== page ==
“You’re looking good today.” Flowing over us like honey, this compliment has the effect of a kind of consecration: in the confrontation between the radiant and the grouchy, I am on the right side. And now I am, through a bit of verbal magic, raised to the summit of a subtle and ever-changing hierarchy. But the following day another, ruthless verdict is handed down: “You look terrible today.” This observation executes me at point-blank range, deprives me of the splendid position where I thought I had taken up permanent residence. I have not proven worthy of the caste of the magnificent, I am a pariah and have to slink along walls, trying to conceal the fact that I look ill.

Ultimately, “how’s it going?” is the most futile and the most profound of questions. To answer it precisely, one would have to make a scrupulous inventory of one’s psyche, considering each aspect in detail. No matter: we have to say “fine” out of politeness and civility and change the subject, or else ruminate the question during our whole lives and reserve our reply for afterward.”
Pascal Bruckner, Perpetual Euphoria: On the Duty to Be Happy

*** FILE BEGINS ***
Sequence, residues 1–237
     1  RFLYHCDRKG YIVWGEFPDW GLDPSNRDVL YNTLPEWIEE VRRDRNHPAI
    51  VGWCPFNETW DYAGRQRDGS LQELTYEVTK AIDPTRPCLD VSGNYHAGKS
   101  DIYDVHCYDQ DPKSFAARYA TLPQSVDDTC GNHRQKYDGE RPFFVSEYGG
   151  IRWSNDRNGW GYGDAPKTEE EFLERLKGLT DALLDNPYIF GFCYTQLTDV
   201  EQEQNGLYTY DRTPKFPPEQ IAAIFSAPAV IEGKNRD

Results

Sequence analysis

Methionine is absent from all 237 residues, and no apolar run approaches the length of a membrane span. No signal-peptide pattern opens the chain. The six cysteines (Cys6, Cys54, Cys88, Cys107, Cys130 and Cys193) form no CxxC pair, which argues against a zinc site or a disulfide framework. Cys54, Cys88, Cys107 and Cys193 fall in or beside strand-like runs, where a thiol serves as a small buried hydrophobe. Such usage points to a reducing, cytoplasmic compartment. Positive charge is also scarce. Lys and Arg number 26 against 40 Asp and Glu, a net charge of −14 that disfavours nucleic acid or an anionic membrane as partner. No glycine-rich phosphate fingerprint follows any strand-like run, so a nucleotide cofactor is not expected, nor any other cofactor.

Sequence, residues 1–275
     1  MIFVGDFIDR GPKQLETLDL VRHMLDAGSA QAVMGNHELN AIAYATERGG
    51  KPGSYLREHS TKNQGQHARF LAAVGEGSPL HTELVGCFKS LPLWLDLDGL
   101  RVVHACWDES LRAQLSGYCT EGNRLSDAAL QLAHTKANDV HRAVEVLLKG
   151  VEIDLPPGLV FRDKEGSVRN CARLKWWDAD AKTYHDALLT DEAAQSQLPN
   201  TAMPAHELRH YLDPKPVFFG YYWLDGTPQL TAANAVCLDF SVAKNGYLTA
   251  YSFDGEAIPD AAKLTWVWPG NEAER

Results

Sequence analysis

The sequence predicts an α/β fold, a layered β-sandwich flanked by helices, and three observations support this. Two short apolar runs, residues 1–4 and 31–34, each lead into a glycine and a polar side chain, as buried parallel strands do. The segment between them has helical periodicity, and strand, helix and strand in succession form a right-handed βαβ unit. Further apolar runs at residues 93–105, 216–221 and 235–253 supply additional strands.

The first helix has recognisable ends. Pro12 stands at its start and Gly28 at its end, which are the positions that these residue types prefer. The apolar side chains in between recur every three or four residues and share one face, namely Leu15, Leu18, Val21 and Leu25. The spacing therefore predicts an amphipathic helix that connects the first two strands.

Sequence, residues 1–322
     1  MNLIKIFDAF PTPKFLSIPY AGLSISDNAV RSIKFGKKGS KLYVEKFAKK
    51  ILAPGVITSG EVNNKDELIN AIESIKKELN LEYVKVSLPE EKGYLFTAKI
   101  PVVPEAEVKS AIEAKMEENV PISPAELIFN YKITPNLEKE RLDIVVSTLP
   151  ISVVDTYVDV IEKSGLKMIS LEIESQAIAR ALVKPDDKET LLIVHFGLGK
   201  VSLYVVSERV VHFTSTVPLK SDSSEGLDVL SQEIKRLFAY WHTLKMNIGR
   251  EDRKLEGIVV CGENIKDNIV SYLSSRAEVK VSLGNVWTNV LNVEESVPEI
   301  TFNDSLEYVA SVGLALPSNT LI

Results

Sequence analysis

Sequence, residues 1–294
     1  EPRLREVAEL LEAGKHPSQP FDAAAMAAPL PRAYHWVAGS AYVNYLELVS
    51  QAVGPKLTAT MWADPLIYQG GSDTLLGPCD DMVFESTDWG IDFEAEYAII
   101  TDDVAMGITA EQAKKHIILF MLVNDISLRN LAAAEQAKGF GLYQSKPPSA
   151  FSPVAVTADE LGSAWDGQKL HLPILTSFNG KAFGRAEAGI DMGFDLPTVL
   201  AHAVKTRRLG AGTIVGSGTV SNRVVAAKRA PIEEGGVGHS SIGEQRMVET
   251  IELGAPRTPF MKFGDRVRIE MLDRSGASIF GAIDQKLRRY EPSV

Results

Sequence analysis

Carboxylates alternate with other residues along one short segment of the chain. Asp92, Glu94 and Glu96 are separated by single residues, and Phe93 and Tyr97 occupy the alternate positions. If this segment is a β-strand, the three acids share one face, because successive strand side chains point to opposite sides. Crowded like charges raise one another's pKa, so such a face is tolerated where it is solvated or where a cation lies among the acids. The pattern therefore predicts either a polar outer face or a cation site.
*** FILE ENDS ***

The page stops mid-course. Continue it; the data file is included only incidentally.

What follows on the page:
Sarah J. Maas
“The mirthroot wrapped soft, sweet arms around his mind and dragged him into its shimmering pool.
Ruhn let himself drown in it, too mellow to do anything but let the music wash over him, his body sinking into the mattress, until he was falling through shadows and starlight. The strings of the song hovered overhead, golden threads that glittered with sound. Was he still moving his body? His eyelids were too heavy to lift to check.”
Sarah J. Maas, House of Earth and Blood

W.B. Yeats
“My body of a sudden blazed;
And twenty minutes more or less
It seemed, so great my happiness,
That I was blessed and could bless.”
W.B. Yeats

“They looked up against the darkening sky and saw the fog curling over the edge of the ridges, perhaps 2,000 feet above them—and they felt that special kind of pride of a person who in a foolish moment accepts an impossible dare—then pulls it off to perfection.”
Alfred Lansing, Endurance: Shackleton's Incredible Voyage

Kerri Maniscalco
“Delayed gratification is the basis of euphoria.”
Kerri Maniscalco, Capturing the Devil

Margarita Liberaki
“I wish I could take it all in, hold it in my arms or be held in its arms. Something is swelling inside me, getting larger and larger... I sigh. "What's the matter, Katerina? Are you sad?" everyone asks. "No," I answer. "I'm perfectly happy.”
Margarita Liberaki, Three Summers

Matthew Kelly
“Holy Moments are going to make you insanely happy.”
Matthew Kelly, Holy Moments: A Handbook for the Rest of Your Life

Curtis Tyrone Jones
“We often think happiness comes from the situations in our lives, when it actually comes from the way we choose to relate to the situations in our lives.”
Curtis Tyrone Jones